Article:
Emotional Problems and Young Girls – How Can You Help?

Girls are typically found to suffer more from emotional troubles, while boys have higher rates of conduct or behavioural problems.

But a report by University College London recently shed a troubling light when it announced a 55% rise in the rates of emotional problems amongst British girls aged 11 to 13.

Analysing data on over 3000 adolescents from a five-year period, the rise is seen as significant and cause for concern.

The conclusions were confirmed by a comprehensive global report put out soon after by the Jacob’s foundation, “Children’s Worlds”, which found that out of fifteen countries surveyed, UK children scored lowest of all for self-confidence.

So what is going on with Britain’s girls, and what can be done to help?

What emotional problems do our girls suffer?

The emotional problems suffered by girls include:

Perhaps most worrisome of the above are body image and self-esteem. The Children’s World report ranked the UK as second lowest after Korea for levels of satisfaction with body, with over one in 10 children reporting they did not like their appearance.

Aren’t emotional problems normal for teen girls?

Hormones do lead to mood swings. But consistent low moods and trouble maintaining self-esteem are another issue. While the emotional issues above aren’t mental disorders per se, they often provide the fertile soil from which depression and anxiety disorders can grow.

And mental health disorders as an adolescent have been shown to lead to problems in adult life. These can include not only still struggling psychologically, but also facing more challenges with physical health, achieving an education, and doing well in the workplace.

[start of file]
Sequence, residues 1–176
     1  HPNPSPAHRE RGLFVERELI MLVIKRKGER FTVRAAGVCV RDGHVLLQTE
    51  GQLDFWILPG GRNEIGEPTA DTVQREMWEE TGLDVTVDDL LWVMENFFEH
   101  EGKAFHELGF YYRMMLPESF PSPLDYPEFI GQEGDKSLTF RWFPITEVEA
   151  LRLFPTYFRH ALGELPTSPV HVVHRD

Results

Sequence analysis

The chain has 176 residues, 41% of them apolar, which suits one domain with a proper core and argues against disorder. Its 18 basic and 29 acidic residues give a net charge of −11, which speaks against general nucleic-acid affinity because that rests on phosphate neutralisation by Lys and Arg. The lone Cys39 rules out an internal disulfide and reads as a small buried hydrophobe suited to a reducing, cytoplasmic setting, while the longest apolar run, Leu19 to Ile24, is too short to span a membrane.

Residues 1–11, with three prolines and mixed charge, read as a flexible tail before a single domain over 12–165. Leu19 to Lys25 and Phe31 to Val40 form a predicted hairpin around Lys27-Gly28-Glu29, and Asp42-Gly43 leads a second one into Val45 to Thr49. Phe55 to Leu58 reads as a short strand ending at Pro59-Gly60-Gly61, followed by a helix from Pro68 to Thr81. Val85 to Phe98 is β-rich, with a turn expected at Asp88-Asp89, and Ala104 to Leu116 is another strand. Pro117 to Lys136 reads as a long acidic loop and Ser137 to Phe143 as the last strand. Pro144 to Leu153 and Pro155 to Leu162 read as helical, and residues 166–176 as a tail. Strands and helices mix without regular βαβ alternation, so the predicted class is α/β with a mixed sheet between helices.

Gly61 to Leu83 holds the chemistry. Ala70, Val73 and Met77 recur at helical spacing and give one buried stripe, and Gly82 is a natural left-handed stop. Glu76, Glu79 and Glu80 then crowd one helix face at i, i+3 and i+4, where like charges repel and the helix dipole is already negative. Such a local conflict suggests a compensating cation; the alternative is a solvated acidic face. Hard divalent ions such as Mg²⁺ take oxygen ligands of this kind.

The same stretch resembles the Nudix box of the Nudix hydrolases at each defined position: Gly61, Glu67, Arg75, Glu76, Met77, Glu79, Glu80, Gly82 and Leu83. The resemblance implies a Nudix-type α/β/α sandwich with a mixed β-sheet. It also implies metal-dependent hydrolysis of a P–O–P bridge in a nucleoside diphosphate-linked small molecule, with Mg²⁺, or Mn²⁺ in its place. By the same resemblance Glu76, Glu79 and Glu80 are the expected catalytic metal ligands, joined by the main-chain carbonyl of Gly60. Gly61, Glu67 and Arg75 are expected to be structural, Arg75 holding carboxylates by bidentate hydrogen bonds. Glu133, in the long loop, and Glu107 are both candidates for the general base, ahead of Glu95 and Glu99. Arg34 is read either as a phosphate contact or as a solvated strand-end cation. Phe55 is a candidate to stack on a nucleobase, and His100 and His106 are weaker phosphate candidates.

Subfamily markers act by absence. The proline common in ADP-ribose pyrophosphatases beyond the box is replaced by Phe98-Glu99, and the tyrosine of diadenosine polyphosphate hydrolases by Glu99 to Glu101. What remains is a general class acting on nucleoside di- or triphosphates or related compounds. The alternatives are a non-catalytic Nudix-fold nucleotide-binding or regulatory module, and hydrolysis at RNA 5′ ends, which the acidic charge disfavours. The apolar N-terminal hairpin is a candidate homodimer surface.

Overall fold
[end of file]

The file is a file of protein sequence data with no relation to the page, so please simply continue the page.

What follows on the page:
Is early physical maturation part of the problem?

For some girls, it could be. Sandra Steingraber, author of The Falling Age of Puberty in U.S. Girls, collated data that shows the average age for the onset of menstruation has dropped from 17 to 13.

But while girls’ bodies are developing earlier, their psychological maturation has stayed on the old time-table. And the contrast, of being treated like or encouraged to act like an adult while still having the mental and emotional levels of a child, has a negative impact.

Steingraber points to early physical maturation as putting girls at increased risk for anxiety, depression, sexual abuse, negative self-image, and poor academic performance. They are also more likely to smoke, drink alcohol, use drugs, and become pregnant than girls who mature later.

Why are more adolescent girls suffering emotional problems?

The UCL report suggests several possible contributors to a drop in wellbeing amongst young girls, including economic change, schooling climate, and changes in social pressures and cultural expectations.

Economic change. The recession added to unemployment and income inequality, which might lead young girls to feel bleaker about the future.

And if their parents were directly affected, the stress and negative outlook can trickle down to their children.

Furthermore, cuts were made to voluntary mental health support services.

Schooling climate. There has been a focus on academic performance over wellbeing in recent years. This would likely increase stress on children.

Social pressures. New social pressures adolescents face include the unrealistic standards put forth by social media and a celebrity-crazed press.

The Children’s Worlds study agreed with this, suggesting that the media’s unhealthy portrayals of ‘ideal’ bodies are contributing to increased dissatisfaction among adolescents. But they also point out that in the UK almost 30% of children are presently obese, an issue which can also contribute to confidence issues and should equally be addressed.

Cultural expectations. There is an increasing sexualization of young girls that has been found to have a negative impact on the mental health of adolescents.

Signs of Emotional Stress to Watch for

As a parent, it’s often hard to distinguish between distress that needs professional help and “ordinary” teen moodiness.

Teens don’t necessarily express feelings of sadness, depression and anxiety the way an adult would.